clarification/update on drobopro, mac os x, 64-bit, 10.8, drobo dashboard, etc.

i’m a longtime drobopro user on mac.

much of the time i’ve owned my drobopro, however, i’ve been using it with firewire rather than iscsi, due to numerous problems with drobo’s non-support of iscsi.

anyway, for a while now i am trying to use iscsi and i’m realizing that there are some pretty fundamental things i don’t really understand about how the droboPro works and it’s dependencies on various things.

first, i know that unlike a firewire drobo, drobopro connected via iscsi won’t even show up if you connect it to a mac that doesn’t have drobo software installed/enabled.

second, i understand \ the proper procedure for getting a droboPro working via its iscsi interface (connecting it first thru USB or firewire).

a while back, i managed to complete that process and i have drobo dashboard (latest version) connected to my mac (running mac os x server 10.8.2) via iscsi. i can successfully access the droboPro and (at least so far) it seems to hold up pretty well under load.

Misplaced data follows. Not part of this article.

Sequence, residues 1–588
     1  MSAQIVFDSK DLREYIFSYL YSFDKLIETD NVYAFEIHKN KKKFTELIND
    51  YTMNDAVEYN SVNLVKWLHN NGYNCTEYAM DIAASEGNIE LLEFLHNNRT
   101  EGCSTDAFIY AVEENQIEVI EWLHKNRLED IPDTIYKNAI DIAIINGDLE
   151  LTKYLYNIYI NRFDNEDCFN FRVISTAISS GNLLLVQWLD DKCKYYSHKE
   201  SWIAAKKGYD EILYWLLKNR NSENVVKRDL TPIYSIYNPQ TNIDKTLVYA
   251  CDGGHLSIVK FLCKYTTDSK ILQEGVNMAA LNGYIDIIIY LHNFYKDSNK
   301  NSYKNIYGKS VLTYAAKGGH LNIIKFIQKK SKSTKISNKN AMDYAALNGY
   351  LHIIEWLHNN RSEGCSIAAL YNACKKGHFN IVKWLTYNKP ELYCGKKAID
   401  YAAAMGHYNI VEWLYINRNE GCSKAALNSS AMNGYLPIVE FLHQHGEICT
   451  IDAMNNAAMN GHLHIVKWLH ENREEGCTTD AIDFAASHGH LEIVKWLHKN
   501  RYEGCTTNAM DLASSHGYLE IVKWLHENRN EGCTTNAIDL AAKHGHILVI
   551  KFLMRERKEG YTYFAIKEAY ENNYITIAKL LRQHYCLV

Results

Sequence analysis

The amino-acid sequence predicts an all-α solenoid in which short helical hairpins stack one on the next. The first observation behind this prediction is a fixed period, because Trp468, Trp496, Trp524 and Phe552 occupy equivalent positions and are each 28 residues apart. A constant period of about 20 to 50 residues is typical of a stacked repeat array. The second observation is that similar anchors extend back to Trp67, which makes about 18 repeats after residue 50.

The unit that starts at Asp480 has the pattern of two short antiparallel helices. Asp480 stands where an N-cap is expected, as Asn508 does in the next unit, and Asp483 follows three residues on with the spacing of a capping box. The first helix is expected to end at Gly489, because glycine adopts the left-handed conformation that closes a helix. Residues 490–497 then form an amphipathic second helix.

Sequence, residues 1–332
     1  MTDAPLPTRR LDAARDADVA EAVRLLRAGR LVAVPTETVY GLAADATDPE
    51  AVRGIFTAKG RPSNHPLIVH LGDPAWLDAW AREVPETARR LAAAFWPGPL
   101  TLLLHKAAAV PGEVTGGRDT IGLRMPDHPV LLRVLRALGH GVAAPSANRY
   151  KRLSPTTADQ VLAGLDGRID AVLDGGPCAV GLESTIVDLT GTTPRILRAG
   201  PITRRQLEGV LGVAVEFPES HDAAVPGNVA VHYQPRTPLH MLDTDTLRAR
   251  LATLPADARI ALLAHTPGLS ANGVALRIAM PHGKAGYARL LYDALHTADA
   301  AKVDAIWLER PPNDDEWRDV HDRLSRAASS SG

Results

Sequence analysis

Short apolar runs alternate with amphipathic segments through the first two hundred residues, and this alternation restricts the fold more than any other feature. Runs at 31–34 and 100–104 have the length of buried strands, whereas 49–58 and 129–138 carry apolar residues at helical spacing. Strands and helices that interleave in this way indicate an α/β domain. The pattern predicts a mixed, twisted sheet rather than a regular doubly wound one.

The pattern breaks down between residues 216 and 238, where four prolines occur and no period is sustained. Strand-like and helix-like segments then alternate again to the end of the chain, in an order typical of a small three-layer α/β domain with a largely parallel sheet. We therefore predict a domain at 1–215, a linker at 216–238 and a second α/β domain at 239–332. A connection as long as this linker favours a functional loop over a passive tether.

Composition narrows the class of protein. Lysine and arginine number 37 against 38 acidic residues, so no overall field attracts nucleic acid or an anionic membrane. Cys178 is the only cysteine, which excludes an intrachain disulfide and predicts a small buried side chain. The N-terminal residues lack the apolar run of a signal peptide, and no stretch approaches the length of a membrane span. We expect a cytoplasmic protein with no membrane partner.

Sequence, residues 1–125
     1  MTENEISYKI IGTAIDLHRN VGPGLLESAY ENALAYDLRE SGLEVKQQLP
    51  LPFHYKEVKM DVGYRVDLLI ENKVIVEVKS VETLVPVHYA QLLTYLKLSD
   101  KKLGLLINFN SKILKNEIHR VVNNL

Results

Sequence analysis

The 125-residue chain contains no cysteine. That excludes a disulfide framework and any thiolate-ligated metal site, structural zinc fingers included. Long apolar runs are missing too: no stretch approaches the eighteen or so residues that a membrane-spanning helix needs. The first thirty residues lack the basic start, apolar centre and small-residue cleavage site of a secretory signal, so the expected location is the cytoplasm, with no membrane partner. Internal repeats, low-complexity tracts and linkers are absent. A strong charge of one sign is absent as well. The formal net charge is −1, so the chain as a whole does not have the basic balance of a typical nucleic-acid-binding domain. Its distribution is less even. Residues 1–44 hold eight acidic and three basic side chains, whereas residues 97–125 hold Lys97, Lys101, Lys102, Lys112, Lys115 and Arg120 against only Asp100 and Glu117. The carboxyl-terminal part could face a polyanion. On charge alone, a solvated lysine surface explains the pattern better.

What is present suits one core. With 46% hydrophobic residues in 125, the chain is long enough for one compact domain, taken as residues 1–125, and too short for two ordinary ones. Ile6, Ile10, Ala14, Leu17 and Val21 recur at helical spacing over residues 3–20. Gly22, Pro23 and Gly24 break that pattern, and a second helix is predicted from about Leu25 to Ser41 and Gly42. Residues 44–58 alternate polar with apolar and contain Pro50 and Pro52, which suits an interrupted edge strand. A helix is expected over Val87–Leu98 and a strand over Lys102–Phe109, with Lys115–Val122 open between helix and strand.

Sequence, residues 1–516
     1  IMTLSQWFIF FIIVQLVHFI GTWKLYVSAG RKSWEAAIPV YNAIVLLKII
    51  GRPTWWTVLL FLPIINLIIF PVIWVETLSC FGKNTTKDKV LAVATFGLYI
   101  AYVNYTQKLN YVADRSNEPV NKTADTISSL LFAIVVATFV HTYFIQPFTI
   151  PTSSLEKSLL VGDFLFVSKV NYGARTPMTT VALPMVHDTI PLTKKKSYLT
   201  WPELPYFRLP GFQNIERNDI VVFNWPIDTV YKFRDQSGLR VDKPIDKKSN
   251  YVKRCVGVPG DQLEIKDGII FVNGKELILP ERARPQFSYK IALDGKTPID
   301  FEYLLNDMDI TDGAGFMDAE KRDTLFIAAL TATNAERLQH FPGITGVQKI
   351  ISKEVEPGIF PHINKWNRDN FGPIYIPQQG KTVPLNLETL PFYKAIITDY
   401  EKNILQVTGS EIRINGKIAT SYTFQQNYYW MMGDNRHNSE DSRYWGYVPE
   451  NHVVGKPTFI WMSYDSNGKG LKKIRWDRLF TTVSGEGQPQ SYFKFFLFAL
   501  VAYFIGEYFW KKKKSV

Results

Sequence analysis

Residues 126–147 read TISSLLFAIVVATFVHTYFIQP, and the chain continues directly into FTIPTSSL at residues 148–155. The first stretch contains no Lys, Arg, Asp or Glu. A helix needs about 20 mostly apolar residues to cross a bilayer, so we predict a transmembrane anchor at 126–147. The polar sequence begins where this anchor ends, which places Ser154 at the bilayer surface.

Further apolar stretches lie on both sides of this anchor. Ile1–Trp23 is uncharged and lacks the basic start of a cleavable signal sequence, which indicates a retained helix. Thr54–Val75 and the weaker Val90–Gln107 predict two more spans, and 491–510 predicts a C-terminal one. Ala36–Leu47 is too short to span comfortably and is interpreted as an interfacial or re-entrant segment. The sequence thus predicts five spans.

installing drobodashboard seems to have added some other system extensions and things to my system. for example, there appear to be two processes always running on my machine now, DDService64d which runs as root via launchctl and DDAssist, which runs as the logged-in user (possibly launched as a side effect of running the drobo dashboard app, but i’m not sure).

the drobo support staff’s position as i understand it is that one can only access an iscsi-mounted droboPro after drobodashboard has been mounted. at least that’s what they told me. they told me that it is a “limitation of the mac os”.

i’m finding this requirement (if correct) to be inconvenient and inelegant, especially in a server environment. the mac is a server and (for example) i want to have files be accessible to other users via filesharing, or to other applications that need to access them. i may not want there to be a any user logged into the machine, at least some of the time.

does anyone know the real story here? in particular, i’m trying to understand whether it might be the case that either

a) drobodashboard (DD) is required only when first setting up a droboPro to use iscsi (i.e., converting it from USB or firewire, and setting it’s IP configuration, if necessary).